The room went very quiet, and all the men were very still. Uncle Sam broke out into a short, nervous laugh.
“What do you mean, no?” he asked the little girl.
“I shan’t sign your papers and you will not be purchasing the Acres,” Anna explained as if it was the simplest thing in the world.
“Anna,” Mr. McDermott spoke to his daughter, voice soft but furious. “This is a wonderful opportunity. I’ve run the numbers, and–“
“I don’t care about the numbers,” Anna crossed her arms, quite fed up with her father’s odd obsession with money. “I’m sure they’re very large. I care about the Acres.”
“Still, Anna, I am your father, and I must insist you sign the papers,” Mr. McDermott grit his teeth.
“I must insist I do not,” Anna parroted her father, certain using grown-up words couldn’t hurt in pleading her case.
“She’s just a kid,” one of the men in suits pointed out. “Just force her to–“
“What would you suggest I do?” Mr. McDermott whirled towards the man, looking quite unhappy. “Forge her signature? Force the pen into her hand?”
The man hesitated “Well–“
“Of course not,” Uncle Sam cut in, his tone soothing. Slowly, he bent down to face Anna once more. “Never. Anna, be reasonable.”
“I don’t think I’ll be reasonable today,” Anna lifted her chin in a gesture of quiet defiance. “Sorry.”
“…I see.” Uncle Sam sounded disappointed, but not angry. He stood back up. “I’ll be on my way, Mr. McDermott. But rest assured, we will stay in touch.”
“Of course, thank you,” Anna tightened her jaw as her father practically fell over himself to appease Uncle Sam. “I’m so sorry for the inconvenience.”
“Inconveniences happen,” Uncle Sam’s smile was cold yet bemused. “I am accustomed to dealing with them.”
Anna felt that this was a particularly ominous thing to say, but her father was not in the mood to notice this. Instead, he walked the men out, chattering and stuttering, casting a single, disappointed look at his daughter as he left her behind in his study.
After the men left, Anna’s father pulled her aside.
“Now, Anna, I recognize I am not the best father in the world,” he adjusted his spectacles, somewhat timid. “But I’ve done my best for you, and I’ve always expected you would do the same for me.”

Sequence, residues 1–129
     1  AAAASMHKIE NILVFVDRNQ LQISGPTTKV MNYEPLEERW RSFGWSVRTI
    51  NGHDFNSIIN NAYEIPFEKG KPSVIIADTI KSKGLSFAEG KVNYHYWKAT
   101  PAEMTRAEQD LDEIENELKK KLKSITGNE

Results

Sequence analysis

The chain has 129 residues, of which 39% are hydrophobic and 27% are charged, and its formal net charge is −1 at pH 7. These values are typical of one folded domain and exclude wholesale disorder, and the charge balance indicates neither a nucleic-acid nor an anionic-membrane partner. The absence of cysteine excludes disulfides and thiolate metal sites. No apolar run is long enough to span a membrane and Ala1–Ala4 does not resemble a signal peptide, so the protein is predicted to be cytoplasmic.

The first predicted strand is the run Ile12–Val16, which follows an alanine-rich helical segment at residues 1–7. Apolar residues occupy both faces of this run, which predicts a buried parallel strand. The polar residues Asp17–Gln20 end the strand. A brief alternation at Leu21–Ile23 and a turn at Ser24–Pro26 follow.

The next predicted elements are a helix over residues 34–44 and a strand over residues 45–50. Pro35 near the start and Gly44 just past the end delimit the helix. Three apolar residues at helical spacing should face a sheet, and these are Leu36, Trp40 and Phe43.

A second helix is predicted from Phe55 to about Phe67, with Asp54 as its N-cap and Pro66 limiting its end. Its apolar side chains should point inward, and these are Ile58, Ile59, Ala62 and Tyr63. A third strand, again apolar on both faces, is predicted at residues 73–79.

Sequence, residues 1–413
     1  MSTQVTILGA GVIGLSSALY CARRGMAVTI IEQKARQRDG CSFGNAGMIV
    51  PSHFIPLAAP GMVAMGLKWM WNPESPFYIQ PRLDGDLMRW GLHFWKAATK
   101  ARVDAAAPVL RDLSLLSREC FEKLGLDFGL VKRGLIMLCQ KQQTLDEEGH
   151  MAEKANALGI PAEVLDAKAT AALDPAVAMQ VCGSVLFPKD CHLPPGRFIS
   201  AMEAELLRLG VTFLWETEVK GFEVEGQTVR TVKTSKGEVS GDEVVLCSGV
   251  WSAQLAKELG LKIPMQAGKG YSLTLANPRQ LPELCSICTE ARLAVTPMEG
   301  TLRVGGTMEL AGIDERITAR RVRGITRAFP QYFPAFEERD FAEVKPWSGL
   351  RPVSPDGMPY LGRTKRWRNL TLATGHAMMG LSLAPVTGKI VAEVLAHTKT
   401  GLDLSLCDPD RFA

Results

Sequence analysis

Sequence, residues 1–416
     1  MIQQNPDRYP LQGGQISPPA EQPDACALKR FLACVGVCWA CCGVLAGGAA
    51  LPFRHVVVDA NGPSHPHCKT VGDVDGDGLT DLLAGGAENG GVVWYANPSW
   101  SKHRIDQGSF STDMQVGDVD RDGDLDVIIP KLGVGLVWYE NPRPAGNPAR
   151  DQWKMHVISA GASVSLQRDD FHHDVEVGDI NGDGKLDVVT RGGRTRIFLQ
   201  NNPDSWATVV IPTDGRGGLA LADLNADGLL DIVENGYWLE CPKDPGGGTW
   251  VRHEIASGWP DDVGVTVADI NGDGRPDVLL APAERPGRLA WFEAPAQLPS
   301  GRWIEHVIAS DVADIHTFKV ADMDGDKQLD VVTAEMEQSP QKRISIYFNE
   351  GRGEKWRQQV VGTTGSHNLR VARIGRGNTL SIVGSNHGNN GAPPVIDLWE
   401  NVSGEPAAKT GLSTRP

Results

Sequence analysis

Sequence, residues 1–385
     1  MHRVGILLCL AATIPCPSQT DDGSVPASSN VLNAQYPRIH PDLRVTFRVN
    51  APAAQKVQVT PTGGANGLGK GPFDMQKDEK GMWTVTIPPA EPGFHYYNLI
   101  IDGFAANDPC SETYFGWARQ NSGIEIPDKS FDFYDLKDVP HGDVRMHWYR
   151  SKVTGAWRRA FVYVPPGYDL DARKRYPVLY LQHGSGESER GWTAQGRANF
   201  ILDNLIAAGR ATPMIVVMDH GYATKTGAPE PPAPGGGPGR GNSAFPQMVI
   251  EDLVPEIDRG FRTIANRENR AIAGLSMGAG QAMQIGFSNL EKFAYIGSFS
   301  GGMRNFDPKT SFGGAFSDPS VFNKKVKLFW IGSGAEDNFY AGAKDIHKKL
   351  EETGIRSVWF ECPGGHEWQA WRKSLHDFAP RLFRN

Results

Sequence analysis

“I do my best all the time,” Anna frowned, irked by this accusation.
“Sweetheart, you were suspended from school and embarrassed me in front of the future owners of the Acres,” Mr. McDermott sniffed. “You’ve become a… destructive, selfish force.”
“I’m not selfish,” Anna crossed her arms. She wasn’t sure if she knew what destructive meant but it didn’t seem like a wholly bad thing so she let it slide. “I just want everyone to be happy, and succesful, and achieve their dreams.”
“My dream has always been to do what’s best for you,” Mr. McDermott explained, pushing his glasses up the bridge of his nose. “With this money, we could move to a higher testing school district! We could live anywhere besides this miserable, crumbling town. Don’t you want that, Anna?”
“No,” Anna almost laughed at her father’s misguided intentions. “I don’t want to take more tests or live somewhere shiny and new. I’m happy here.”
“You won’t be forever,” Mr. McDermott frowned.
“Well, certainly not with that attitude,” Anna frowned back.
“Stop frowning like that,” Mr. McDermott’s frown deepened.
“Yes, father,” Anna sighed, leaning back. “But I still think you’re wrong. This is a wonderful place! If only you could see it.”
“I see things, Anna, far more clearly than you,” Mr. McDermott explained. “It comes with being an adult.”
“If you can see so clearly, why do you need glasses?” Anna asked.
Mr. McDermott’s face darkened, and it finally occurred to Anna that she was in trouble.
Next: Baby Lion! (Finally!)